Intentional teaching in early childhood education: A scoping review

Susan Grieshaber, Susan Krieg, Felicity McArdle, Jennifer Sumsion

    Research output: Contribution to journalReview articlepeer-review

    Abstract

    Despite large-scale studies demonstrating the benefits of teacher interaction to support young children's learning, intentional teaching (IT) in early childhood education (ECE) remains a contested concept. Given the different perspectives associated with IT, the purpose of this study was to undertake a scoping review of the literature focused on IT in ECE. A systematic approach was adopted to map the evidence to identify key concepts, theories, sources and knowledge gaps. Such a review has the potential to assist researchers, practitioners and policy makers to make informed decisions about the different approaches to IT. The 101 items reviewed were selected according to the following criteria: investigated IT in some way; focused on learners aged birth to 8 years; made a conceptual contribution to understanding IT in ECE; full text availability, and published in English between 2010 and 2019, inclusive. The search incorporated a range of items including peer-reviewed journal articles, research reports, professional journals, an unpublished thesis and books. Results foregrounded the difficulties involved in reconciling IT and child-led learning through play, and that these difficulties were most fiercely experienced in the 3–5 age group. An overarching conclusion was that theoretical differences influenced how learning was understood, and determined which learning outcomes were articulated and measured. This review suggests that decisions about IT in ECE are dependent on how the purposes of ECE are defined in and through policy. Context and implication Rationale for this study: There appear to have been no systematic reviews of the concept of intentional teaching (IT) in early childhood education (ECE). This scoping literature review sought clarity about the nature and role of intentional teaching. It investigated issues about what, how and when IT is applicable for young children’s learning. Why the new findings matter: Intentional teaching in ECE is a contested concept despite large-scale studies demonstrating the need for a balance between child-led and teacher directed learning. This scoping review maps the evidence to identify key concepts, theories, sources and knowledge gaps. Implications for educational researchers and policy makers: This scoping review assists researchers, practitioners and policy makers to make informed decisions about the various approaches to IT. Decisions about IT were related to the purposes of ECE that were identified in policy, making policy influential. Theoretical perspectives framed how learning is understood and the role of educators in that learning. The disjuncture between IT and child-led learning prevailed especially for children aged 3–5 years.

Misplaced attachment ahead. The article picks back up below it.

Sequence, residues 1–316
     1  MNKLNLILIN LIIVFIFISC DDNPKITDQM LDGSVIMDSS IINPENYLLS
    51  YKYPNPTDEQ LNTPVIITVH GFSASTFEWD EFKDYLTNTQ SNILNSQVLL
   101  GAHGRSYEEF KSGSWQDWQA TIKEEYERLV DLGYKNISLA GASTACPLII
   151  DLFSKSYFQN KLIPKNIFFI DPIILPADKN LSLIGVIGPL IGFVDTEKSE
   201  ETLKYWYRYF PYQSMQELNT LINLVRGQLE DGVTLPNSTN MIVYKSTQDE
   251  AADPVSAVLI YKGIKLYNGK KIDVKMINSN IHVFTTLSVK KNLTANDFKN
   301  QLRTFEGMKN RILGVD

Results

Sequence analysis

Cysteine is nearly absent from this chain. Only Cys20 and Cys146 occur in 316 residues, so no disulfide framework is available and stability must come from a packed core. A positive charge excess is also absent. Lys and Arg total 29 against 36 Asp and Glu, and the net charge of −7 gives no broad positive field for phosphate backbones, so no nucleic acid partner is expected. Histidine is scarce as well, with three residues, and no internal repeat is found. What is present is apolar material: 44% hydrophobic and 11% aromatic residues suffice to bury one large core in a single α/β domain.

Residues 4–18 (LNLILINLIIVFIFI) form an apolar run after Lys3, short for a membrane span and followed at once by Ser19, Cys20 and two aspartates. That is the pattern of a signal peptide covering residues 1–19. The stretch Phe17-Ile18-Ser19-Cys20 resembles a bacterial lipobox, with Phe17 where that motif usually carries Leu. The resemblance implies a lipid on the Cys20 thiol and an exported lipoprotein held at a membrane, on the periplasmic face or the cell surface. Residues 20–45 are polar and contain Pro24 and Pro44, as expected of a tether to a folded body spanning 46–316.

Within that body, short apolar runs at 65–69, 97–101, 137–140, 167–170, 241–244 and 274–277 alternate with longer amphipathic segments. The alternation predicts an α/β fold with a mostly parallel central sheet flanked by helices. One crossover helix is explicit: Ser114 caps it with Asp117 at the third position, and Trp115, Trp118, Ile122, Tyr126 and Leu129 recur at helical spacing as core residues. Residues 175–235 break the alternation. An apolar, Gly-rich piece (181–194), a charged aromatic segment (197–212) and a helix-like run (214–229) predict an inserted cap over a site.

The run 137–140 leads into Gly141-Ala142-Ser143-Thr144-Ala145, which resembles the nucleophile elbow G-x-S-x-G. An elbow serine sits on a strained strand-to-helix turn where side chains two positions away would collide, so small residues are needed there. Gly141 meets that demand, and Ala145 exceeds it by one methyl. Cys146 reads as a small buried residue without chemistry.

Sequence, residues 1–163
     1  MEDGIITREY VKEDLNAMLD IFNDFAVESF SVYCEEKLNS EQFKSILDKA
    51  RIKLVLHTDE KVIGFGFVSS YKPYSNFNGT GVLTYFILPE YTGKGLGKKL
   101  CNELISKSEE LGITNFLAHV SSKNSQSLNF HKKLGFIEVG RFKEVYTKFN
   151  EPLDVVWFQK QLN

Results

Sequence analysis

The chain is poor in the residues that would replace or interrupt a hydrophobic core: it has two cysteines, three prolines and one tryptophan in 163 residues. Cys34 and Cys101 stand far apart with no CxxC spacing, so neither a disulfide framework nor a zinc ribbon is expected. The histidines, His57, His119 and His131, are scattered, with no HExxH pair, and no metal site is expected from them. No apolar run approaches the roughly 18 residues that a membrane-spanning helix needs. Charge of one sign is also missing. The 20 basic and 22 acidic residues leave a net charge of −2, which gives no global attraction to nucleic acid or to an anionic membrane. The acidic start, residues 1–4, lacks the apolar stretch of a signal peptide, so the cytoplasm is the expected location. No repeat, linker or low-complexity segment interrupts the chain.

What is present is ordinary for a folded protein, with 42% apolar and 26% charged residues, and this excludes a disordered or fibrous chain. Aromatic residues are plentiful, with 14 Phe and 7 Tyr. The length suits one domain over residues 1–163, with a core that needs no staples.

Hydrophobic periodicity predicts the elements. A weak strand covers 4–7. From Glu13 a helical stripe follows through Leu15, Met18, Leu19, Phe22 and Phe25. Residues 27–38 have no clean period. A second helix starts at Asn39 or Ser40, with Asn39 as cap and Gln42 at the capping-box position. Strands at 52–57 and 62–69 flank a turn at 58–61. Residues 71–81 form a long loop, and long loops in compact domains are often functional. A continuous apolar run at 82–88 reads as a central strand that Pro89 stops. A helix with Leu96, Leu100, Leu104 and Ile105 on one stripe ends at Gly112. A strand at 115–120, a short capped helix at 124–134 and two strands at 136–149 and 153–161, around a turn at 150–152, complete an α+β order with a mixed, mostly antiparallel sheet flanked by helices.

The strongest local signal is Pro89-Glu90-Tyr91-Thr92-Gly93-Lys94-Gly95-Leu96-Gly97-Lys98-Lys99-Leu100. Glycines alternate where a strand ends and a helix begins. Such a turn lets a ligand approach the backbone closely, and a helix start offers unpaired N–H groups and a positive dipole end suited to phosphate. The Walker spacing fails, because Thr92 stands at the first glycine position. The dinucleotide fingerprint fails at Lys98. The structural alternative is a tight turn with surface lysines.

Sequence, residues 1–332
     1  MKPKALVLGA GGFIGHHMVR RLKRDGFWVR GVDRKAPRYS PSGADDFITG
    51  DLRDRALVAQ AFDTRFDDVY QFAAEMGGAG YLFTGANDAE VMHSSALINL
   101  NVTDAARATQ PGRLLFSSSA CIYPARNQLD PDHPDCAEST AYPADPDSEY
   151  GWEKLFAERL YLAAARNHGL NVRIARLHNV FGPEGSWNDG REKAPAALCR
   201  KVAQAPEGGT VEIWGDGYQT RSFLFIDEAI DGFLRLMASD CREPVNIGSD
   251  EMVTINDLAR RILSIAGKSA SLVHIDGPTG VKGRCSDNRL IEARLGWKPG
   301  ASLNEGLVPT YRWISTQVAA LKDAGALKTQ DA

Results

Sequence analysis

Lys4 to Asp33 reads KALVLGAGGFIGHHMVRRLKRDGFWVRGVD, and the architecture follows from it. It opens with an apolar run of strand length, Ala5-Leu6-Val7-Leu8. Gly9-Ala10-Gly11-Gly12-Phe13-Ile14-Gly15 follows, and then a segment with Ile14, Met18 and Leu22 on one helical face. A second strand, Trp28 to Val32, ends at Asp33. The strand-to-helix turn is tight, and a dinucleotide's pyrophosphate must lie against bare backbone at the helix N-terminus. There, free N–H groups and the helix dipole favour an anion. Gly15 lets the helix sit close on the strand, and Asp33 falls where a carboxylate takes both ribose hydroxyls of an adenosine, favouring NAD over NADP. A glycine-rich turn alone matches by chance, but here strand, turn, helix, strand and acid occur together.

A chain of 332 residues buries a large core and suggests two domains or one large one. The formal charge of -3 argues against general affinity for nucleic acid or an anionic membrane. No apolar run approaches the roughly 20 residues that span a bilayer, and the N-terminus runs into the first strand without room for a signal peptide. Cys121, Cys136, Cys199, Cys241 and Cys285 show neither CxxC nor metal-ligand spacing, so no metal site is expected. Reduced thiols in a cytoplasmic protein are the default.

Original languageEnglish
    Article numbere3309
    JournalReview of Education
    Volume9
    Issue number3
    DOIs
    Publication statusPublished - Oct 2021

    Fingerprint

    Dive into the research topics of 'Intentional teaching in early childhood education: A scoping review'. Together they form a unique fingerprint.

    Cite this